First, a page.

Have you planned your 2019 contribution limits?

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It is December and we are nearing the end of another year. Do you know what that means?? It means new contribution limits for our tax-advantaged accounts!! Just today I sent the bookkeeper at my job an email asking her to up my 2019 contribution limits for my two pre-tax accounts.  Now is the time to be planning our 2019 contributions.

Each year the IRS may increase the contribution limits on tax-advantaged accounts so it’s worthy to be aware of them. Especially if you are maxing out your contributions each year.

Employer-Sponsored Retirement Plans

Here are the new 2019 limits for the different type of employer-sponsored retirement accounts:

I have access to a Simple IRA through my employer. I am now only 4 years from turning 50…the catch-up contributions is about the only thing exciting about that. 😉

Individual Retirement Accounts

This the limit for an IRA as well as a Roth IRA.  In case you are wondering, I’m maxing out my Roth IRA for 2018 as well as 2019.

Health Savings Accounts

I’m also able to contribute to an HSA account due to being on an HSA qualified health plan. Furthermore, I invest these monies in mutual funds.

If you are not an HSA qualified plan, you can still reap the tax savings of contributing to a Flexible Spending Account. Check out this post I wrote for Fred over at Money with a Purpose on things to consider during open enrollment. I lay out the differences between HSAs and FSAs.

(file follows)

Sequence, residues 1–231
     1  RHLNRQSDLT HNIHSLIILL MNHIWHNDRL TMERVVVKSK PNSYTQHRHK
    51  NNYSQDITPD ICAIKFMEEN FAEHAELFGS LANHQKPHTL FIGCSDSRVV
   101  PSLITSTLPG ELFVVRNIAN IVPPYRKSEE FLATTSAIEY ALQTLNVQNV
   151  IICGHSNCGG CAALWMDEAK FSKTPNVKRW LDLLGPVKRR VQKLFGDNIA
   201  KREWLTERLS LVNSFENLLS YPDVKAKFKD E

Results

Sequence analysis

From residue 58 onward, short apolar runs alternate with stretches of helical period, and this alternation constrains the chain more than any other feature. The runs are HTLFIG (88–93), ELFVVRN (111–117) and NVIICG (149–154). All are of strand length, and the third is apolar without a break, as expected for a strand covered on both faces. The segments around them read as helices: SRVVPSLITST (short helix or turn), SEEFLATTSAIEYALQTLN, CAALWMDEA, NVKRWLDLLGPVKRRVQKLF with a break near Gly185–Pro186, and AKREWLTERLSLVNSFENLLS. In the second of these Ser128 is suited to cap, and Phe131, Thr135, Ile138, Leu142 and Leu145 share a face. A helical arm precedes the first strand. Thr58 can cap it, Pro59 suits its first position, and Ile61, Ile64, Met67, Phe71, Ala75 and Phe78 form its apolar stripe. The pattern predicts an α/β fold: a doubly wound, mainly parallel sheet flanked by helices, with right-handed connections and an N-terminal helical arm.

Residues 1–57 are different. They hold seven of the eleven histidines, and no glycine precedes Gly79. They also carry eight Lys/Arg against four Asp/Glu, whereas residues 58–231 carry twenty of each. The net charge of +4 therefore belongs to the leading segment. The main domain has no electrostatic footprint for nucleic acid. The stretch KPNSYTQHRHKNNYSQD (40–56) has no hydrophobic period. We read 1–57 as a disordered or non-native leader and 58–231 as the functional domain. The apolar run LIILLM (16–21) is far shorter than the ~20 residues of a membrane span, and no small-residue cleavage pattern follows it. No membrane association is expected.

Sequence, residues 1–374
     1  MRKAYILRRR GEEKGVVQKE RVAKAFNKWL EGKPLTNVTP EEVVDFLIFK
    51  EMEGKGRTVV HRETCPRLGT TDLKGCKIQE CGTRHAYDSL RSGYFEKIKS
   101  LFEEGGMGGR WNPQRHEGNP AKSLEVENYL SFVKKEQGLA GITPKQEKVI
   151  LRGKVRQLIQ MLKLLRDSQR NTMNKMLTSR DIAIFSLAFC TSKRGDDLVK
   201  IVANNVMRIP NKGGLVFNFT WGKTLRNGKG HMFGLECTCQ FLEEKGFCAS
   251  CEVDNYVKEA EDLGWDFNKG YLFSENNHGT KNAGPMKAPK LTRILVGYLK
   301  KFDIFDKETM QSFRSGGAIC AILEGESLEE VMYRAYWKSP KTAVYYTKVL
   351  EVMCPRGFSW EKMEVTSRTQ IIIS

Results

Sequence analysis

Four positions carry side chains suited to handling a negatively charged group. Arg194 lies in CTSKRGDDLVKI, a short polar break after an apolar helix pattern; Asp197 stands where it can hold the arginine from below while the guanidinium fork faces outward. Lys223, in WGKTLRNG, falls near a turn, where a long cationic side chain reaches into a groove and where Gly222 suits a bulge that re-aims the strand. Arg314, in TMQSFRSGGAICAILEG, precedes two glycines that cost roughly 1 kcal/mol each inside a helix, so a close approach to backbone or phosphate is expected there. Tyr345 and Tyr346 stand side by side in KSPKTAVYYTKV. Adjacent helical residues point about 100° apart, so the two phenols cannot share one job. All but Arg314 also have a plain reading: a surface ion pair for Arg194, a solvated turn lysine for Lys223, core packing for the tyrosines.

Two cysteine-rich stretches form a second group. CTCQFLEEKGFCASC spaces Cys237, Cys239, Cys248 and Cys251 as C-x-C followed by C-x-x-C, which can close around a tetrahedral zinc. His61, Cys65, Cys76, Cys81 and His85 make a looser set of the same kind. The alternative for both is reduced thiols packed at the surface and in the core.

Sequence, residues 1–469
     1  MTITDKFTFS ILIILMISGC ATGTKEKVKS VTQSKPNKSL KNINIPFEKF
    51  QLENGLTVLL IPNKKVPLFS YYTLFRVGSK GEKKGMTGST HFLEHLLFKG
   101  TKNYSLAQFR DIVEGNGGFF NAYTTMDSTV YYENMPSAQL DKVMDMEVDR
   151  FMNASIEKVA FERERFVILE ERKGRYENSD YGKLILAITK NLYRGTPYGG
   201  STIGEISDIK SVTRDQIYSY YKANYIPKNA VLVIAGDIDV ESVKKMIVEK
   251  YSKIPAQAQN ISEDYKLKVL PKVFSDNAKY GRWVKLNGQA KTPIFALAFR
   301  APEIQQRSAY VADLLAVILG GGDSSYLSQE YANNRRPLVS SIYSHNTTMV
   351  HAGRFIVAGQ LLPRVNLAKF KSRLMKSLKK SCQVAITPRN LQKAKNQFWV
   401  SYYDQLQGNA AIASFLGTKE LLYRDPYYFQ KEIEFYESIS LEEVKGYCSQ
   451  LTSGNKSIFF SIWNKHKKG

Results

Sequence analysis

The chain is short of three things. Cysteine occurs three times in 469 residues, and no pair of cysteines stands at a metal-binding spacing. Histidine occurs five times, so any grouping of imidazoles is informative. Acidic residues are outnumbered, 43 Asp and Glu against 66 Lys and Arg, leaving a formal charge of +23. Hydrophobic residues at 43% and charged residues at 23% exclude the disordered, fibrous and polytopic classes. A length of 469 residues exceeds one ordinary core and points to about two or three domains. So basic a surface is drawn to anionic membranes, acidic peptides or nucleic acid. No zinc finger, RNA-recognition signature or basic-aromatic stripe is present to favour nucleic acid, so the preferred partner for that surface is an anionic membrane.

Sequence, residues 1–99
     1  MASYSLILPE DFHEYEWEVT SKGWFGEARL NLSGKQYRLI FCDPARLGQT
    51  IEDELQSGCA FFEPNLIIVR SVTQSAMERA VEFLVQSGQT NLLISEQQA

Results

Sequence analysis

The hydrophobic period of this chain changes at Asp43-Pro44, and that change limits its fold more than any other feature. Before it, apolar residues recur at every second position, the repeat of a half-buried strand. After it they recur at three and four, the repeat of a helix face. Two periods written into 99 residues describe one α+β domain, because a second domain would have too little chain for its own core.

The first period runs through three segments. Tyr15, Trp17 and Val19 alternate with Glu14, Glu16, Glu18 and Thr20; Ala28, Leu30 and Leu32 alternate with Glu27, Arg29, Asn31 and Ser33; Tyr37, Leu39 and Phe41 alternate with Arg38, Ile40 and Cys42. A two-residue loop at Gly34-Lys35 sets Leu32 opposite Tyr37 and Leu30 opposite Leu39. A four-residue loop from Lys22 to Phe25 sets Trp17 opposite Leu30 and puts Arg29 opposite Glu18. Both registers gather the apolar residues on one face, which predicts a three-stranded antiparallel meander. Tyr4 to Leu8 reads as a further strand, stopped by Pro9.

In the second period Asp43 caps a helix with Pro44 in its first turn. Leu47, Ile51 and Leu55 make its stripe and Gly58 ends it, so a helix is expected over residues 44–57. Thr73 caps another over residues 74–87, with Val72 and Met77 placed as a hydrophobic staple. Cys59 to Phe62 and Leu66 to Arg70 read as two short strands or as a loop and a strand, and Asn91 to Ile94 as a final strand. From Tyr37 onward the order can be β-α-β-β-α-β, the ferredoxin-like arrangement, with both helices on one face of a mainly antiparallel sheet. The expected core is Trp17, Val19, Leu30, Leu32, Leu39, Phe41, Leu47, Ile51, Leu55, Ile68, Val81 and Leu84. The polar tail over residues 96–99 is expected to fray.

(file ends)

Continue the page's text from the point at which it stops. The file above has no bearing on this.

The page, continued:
Additionally, if you have an FSA, you can put in money for dependent care expenses.

With all of the above-mentioned accounts, you cannot contribute more than the limits. Moreover, you don’t have to contribute the maximum; however, you receive the greatest tax savings if you do.

Closing Thoughts

I apologize for the short post today but I’m in my busy season at the office. Although, I did want to get this quick article out to you so you can make your decisions about your 2019 contributions now.

I starting maxing out the following accounts in 2018 and will continue to do so for the foreseeable future:

  1. Simple IRA
  2. Roth IRA
  3. HSA

Additionally, I have an after-tax brokerage account I am starting to contribute into.

If you are unable to max out your retirement accounts, don’t worry. I encourage you to contribute something and if you are able to, keep inching closer to maxing them out. That is what this is all about – getting a little bit better all the time.

Happy investing and happy tax savings!!

 

 

 

 

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